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Title Platelet-Rich Plasma (PRP) May Be Beneficial as an Adjunct to Graft Materials for the Treatment of Periodontal Intrabony Defects
Clinical Question For the treatment of periodontal intrabony defects, does platelet-rich plasma (PRP) have a significant additive effect when used in conjunction with bone grafts, as compared to bone grafting alone?
Clinical Bottom Line Within its limitations, PRP may be beneficial as an adjunct to graft materials for the treatment of periodontal intrabony defects, except in cases involving the use of GTR.
Best Evidence (you may view more info by clicking on the PubMed ID link)
PubMed ID Author / Year Patient Group Study type
(level of evidence)
#1) 25048153Panda/2016Adult patients in 7 included studiesSystematic review of randomized trials
Key resultsThe studies showed that there was a significant additive effect in treatment of intrabony defects when platelet-rich fibrin (PRF) was used as an adjunct with open flap debridement. Additionally, the platelet-rich plasma (PRP) can also provide a significant additive effect when used along with bone grafts. However, PRP was found to have no additional benefit when used in combination with GTR procedures. 
#2) 27531202Hou/201615 RCTs reporting on 399 patients Systematic review of randomized trials
Key resultsThe included studies reported on the treatment of 524 periodontal intrabony defects treated in 399 patients (263 defects in intervention groups, 261 defects in control groups). Meta-analysis showed that there was a significantly greater clinical attachment level (CAL) gains and pocket depth (PD) reductions when PRP was used as an adjunct to treat periodontal intrabony defects compared to those who did not use PRP (CAL: WMD 0.76 mm, 95 % CI = 0.34 to 1.18 mm, P = 0.0004; PD: WMD 0.53 mm, 95 % CI = 0.21 to 0.85 mm, P = 0.001). However, when PRP was used along with GTR, it showed an insignificant additive effect on the treatment (CAL: WMD 0.08 mm, 95%CI = −0.30 to 0.46 mm, P = 0.67).
Evidence Search ("platelet-rich plasma"[MeSH Terms] OR ("platelet-rich"[All Fields] AND "plasma"[All Fields]) OR "platelet-rich plasma"[All Fields] OR ("platelet"[All Fields] AND "rich"[All Fields] AND "plasma"[All Fields]) OR "platelet rich plasma"[All Fields]) AND (intrabony[All Fields] AND defect[All Fields])
Comments on
The Evidence
Validity: The majority of studies included in Panda’s systematic review had a high level of evidence (RCTs with a high level of evidence score of “2”) and limited risk of bias (score of “low” to “moderate”), which indicate that the outcomes are likely to be reliable. However, most of the studies did not include sample size calculation and baseline comparison of the defect characteristics. For Hou’s study, 3 studies were classified as having a low risk of bias, 10 studies a moderate risk of bias, and 2 studies a high risk of bias. Hou’s meta-analysis also showed evidence of significant heterogeneity in results of the included studies. The meta-analysis revealed high I-squared values (54%-71%) for the mean differences in PD reduction and CAL gain. Perspective: These systematic reviews aimed to assess the efficacy of PRP in the surgical treatment of periodontal intrabony defects based on randomized trials and reported that the use of PRP as an adjunct to a graft procedure yielded a significantly greater CAL gain and a PD reduction compared with the control treatment. Since both of these studies are systemic reviews/meta-analyses, they provide the highest level of evidence on this topic.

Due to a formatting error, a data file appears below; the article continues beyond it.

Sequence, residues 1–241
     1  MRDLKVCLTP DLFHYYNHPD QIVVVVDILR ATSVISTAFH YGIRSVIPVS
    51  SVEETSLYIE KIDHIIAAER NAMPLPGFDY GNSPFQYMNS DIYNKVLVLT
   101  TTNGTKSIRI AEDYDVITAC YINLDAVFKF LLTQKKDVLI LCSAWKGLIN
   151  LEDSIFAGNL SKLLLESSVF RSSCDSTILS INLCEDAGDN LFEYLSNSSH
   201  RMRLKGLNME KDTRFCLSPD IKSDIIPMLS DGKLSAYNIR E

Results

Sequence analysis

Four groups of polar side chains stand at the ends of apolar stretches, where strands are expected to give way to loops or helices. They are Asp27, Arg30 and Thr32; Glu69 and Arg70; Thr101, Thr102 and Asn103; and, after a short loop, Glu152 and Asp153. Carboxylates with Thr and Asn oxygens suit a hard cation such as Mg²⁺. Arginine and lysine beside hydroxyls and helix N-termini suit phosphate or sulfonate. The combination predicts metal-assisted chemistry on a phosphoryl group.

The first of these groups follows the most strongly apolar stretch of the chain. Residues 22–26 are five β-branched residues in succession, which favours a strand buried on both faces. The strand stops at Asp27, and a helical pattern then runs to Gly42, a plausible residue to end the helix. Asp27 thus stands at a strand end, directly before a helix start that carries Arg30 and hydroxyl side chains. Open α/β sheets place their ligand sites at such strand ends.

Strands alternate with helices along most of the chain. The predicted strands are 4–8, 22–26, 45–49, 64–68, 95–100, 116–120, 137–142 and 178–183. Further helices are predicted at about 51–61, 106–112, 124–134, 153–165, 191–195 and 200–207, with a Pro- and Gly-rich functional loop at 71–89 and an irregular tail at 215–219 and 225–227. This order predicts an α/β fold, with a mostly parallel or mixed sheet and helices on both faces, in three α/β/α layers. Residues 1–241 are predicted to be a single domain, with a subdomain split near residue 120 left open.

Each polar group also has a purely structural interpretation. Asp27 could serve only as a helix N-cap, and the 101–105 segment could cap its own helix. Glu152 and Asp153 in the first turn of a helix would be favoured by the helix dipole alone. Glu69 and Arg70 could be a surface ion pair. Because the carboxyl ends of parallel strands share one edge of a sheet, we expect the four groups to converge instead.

Applicability Obtaining a blood sample can potentially add unnecessary harm to the patient, and utilizing additional equipment such as a centrifuge is also a limiting factor in obtaining the autogenous PRP. Nonetheless, the use of PRP as an adjunct to a graft procedure yielded a significantly greater CAL gain and a PD reduction compared with the control treatment. However, clinicians should also be aware that the beneficial effect of PRP on the treatment of intrabony defects is negligible when used in combination with GTR procedures using membranes such as expanded polytetrafluoroethylene membrane (e-PTFE) and bio-absorbable collagen membrane (COL).
Specialty/Discipline (General Dentistry) (Oral Surgery) (Periodontics)
Keywords periodontal regeneration; platelet-rich plasma; intrabony defects; bone graft; chronic periodontitis treatment; guided tissue regeneration
ID# 3422
Date of submission: 12/05/2019spacer
E-mail true.kim.dds@gmail.com
Author Hyungjoo Kim, DDS
Co-author(s) Marcela Land, DDS
Co-author(s) e-mail marcelaland517@gmail.com
Faculty mentor/Co-author Angela Synatzske, DDS
Faculty mentor/Co-author e-mail angela.m.synatzske.mil@mail.mil
Basic Science Rationale
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Comments and Evidence-Based Updates on the CAT
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by Claire Miles (San Antonio, TX) on 09/29/2022
I conducted a PubMed search on this topic on September 29, 2022. A more recent systemic review and meta analysis has been conducted that further supports this bottom line (PubMed ID: 33609186). Authors of this paper found that using PRF during open flap debridement, with or without bone grafting, led to significantly improved probing depths, clinical attachment loss, and radiographic bone fill than with OFD alone. Interestingly, the authors also proposed potential benefits of adding certain biomolecules to PRF (such as bisphosphonates)to improve clinical outcomes and create more individualized treatments

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